Let’s now take the case of Swagger-js. With Swagger-js the client developer would essentially be writing programs to interact with the API Swagger spec defined by the provider, instead of directly consuming the API.

window.client = new SwaggerClient({
    url: "http://example.com/api/v2/swagger.json",
    success: function() {
      client.event.getEvents({
        responseContentType: 'application/json'
      }, function(data) {

        /* Create `events` string same as before */

        $("ul#events").html(events);
      });
    }
  });

 

The APIs at the Organizer server are getting more complex. Swagger helps in keeping the spec well defined.

That’s all for now. Hope you enjoyed the read.

REST API Authentication in Flask

Recently I had the challenge of restricting unauthorized personnel from accessing some views in Flask. Sure the naive way will be asking the username and password in the json itself and checking the records in the database. The request will be something like this-

{
	"username": "open_event_user",
	"password": "password"
}

But I wanted to do something better. So I looked up around the Internet and found that it is possible to accept Basic authorization credentials in Flask (sadly it isn’t documented). For those who don’t know what Basic authorization is a way to send plain username:password combo as header in a request after obscuring them with base64 encoding. So for the above username and password, the corresponding header will be –

{
	"Authorization": "Basic b3Blbl9ldmVudF91c2VyOnBhc3N3b3Jk"
}

where the hashed string is base64 encoded form of string “open_event_user:password”.

Now back to the topic, so the next job is to validate the views by checking the Basic auth credentials in header and call abort() if credentials are missing or wrong. For this, we can easily create a helper function that aborts a view if there is something wrong with the credentials.

from flask import request, Flask, abort
from models import UserModel

app = Flask(__name__)

def validate_auth():
	auth = request.authorization
	if not auth:  # no header set
		abort(401)
	user = UserModel.query.filter_by(username=auth.username).first()
	if user is None or user.password != auth.password:
		abort(401)

@app.route('/view')
def my_view():
	validate_auth()
	# stuff on success
	# more stuff

This works but wouldn’t it be nice if we could specify validate_auth function as a decorator. This will give us the advantage of only having to set it once in a model view with all auth-required methods. Right ? So here we go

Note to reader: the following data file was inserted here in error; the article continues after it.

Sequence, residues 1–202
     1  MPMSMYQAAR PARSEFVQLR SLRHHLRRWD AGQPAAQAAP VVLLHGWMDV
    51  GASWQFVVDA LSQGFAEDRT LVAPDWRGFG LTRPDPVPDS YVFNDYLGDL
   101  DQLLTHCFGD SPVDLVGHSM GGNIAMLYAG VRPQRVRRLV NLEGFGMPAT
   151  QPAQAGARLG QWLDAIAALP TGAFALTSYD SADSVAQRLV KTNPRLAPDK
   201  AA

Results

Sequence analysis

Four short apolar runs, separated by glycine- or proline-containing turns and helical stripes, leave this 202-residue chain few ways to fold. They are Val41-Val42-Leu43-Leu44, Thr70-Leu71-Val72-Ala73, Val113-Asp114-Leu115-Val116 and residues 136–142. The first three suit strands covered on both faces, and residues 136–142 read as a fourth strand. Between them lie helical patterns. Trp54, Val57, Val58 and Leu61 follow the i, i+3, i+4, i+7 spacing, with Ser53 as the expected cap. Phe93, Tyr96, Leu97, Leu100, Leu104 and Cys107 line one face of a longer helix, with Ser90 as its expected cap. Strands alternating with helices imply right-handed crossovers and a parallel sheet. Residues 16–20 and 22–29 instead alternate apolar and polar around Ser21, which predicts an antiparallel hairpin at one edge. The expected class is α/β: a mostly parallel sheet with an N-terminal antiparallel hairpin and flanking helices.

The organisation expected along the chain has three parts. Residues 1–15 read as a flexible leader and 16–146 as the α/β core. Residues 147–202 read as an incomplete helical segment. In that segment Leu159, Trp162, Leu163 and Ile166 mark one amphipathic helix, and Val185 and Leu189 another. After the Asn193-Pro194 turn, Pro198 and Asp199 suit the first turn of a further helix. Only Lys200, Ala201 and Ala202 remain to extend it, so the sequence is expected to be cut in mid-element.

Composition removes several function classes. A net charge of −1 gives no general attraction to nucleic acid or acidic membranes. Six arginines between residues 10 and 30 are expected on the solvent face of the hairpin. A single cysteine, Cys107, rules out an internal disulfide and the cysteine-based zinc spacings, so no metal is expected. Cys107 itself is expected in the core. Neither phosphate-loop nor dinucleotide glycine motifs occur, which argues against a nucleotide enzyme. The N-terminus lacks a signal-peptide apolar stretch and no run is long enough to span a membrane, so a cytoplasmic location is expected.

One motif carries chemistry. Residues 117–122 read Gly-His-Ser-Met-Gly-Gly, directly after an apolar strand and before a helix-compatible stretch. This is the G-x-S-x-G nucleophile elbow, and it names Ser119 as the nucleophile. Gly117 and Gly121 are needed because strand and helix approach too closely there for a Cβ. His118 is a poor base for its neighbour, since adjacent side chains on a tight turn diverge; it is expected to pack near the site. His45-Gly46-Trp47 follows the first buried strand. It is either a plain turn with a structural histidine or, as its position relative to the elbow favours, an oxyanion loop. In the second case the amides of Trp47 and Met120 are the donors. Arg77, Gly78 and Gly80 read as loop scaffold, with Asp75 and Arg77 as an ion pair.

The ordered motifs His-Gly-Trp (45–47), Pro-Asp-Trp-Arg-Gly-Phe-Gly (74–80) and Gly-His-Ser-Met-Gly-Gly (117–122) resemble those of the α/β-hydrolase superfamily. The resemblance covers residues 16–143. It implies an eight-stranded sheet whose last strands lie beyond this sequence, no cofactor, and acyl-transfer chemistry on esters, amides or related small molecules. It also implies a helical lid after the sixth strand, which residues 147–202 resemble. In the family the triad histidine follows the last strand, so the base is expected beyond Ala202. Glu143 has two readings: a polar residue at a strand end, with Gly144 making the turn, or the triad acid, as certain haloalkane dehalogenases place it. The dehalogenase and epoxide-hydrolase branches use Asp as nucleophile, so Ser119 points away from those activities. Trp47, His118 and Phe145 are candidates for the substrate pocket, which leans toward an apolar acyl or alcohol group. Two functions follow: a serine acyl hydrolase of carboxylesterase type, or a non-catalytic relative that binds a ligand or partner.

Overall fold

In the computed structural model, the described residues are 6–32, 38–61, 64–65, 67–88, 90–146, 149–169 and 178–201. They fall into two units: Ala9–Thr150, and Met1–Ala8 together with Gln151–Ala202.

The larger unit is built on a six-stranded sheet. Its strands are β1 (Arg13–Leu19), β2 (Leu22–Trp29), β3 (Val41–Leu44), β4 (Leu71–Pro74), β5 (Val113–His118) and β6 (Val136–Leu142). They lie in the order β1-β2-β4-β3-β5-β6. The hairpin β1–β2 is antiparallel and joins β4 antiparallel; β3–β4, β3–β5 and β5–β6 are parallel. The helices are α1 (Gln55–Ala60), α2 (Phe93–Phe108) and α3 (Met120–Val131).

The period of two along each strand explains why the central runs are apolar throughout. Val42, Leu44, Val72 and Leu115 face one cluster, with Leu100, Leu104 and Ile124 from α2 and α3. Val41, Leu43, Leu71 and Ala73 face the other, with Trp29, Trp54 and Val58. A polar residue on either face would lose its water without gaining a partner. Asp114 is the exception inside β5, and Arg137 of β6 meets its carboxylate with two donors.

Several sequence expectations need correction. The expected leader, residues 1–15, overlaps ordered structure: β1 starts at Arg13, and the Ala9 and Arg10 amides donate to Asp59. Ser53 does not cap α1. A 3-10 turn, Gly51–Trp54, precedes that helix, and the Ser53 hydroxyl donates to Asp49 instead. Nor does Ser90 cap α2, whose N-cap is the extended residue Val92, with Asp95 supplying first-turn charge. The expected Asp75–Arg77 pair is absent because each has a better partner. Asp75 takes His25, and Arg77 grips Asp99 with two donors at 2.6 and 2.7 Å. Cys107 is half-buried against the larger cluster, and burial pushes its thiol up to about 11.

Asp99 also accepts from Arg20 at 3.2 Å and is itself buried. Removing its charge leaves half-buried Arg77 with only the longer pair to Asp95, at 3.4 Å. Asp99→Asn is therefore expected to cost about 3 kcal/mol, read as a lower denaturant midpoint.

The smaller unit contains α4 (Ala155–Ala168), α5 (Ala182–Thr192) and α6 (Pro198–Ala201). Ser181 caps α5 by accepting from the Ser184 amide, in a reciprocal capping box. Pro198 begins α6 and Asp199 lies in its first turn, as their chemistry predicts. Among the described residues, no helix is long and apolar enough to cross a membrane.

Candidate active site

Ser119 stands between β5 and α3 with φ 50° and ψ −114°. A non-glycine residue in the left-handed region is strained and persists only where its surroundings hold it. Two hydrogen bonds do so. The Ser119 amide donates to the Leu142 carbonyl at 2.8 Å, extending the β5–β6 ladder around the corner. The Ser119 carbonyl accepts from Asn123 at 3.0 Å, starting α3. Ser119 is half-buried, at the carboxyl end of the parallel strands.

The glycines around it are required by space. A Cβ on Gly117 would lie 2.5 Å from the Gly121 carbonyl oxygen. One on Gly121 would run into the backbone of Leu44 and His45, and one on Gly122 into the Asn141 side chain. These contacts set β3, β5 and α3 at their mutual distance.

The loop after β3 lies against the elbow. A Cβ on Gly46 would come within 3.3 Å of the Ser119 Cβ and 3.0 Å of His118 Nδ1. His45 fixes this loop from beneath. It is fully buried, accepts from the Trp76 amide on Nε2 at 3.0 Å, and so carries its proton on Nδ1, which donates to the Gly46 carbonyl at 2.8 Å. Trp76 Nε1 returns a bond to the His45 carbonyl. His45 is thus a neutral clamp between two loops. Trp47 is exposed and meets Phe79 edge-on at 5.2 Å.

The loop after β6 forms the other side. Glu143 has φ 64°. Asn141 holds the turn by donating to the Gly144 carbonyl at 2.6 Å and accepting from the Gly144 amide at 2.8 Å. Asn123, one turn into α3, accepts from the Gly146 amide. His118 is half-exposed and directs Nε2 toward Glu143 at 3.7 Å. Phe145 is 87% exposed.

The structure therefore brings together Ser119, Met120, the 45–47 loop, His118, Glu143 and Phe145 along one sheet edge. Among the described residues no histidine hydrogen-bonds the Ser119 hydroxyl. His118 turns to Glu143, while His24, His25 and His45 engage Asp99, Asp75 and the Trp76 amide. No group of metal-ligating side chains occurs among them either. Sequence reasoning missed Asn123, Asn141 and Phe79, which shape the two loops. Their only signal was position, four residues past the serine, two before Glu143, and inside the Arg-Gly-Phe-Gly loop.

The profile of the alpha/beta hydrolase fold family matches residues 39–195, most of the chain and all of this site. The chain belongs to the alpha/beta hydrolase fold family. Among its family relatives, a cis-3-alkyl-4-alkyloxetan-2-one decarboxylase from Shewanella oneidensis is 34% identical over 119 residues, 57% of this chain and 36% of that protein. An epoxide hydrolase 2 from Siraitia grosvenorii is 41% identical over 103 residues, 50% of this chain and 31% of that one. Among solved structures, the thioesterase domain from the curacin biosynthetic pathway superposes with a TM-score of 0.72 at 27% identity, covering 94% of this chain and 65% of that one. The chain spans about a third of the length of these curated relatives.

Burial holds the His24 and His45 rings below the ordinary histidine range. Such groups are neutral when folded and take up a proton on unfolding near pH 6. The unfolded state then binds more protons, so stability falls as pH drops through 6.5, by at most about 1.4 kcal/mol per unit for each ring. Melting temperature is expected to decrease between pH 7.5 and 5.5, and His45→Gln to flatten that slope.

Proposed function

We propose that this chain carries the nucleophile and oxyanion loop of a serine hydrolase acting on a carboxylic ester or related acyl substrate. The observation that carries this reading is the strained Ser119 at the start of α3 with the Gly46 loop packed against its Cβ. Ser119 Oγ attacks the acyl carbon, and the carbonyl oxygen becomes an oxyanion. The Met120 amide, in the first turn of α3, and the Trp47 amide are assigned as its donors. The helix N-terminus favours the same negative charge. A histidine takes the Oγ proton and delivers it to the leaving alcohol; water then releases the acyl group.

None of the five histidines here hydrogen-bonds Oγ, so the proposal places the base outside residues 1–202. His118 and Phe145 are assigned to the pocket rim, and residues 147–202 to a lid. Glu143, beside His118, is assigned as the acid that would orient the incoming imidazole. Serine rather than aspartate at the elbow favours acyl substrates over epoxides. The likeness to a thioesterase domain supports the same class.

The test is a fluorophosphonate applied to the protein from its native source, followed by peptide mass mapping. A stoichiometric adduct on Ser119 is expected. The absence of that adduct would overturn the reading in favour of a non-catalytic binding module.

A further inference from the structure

def requires_auth(f):
	@wraps(f)
	def decorated(*args, **kwargs):
		auth = request.authorization
		if not auth:  # no header set
			abort(401)
		user = UserModel.query.filter_by(username=auth.username).first()
		if user is None or user.password != auth.password:
			abort(401)
		return f(*args, **kwargs)
	return decorated

@app.route('/view')
@requires_auth
def my_view():
	# stuff on success
	# more stuff

I renamed the function from validate_auth to requires_auth because it suits the context better.

At this point, the above code may look perfect but it doesn’t work when you are accessing the API through Swagger web UI. This is because it is not possible to set base64 encoded authorization header from the swagger UI. For those who are wondering “what the hell is swagger”, I will define Swagger as a tool for API based projects which creates a nice web UI to live-test the API and also exports a schema of the API that can be used to understand API definitions.

Now how do we get requires_auth to work when a request is sent through swagger UI ? It was a little tricky and took me a couple of hours but I finally got it. The trick therefore is to check for active sessions when there are no authorization headers set (as in the case of swagger UI). If an active session is found, it means that the user is authenticated. Here I would like to suggest using Flask-Login extension which makes session and login management a child’s play. Always use it if your flask project deals with login, user accounts and stuff.

Now back to the task in hand, here is how we can set the requires_auth function to check for existing sessions.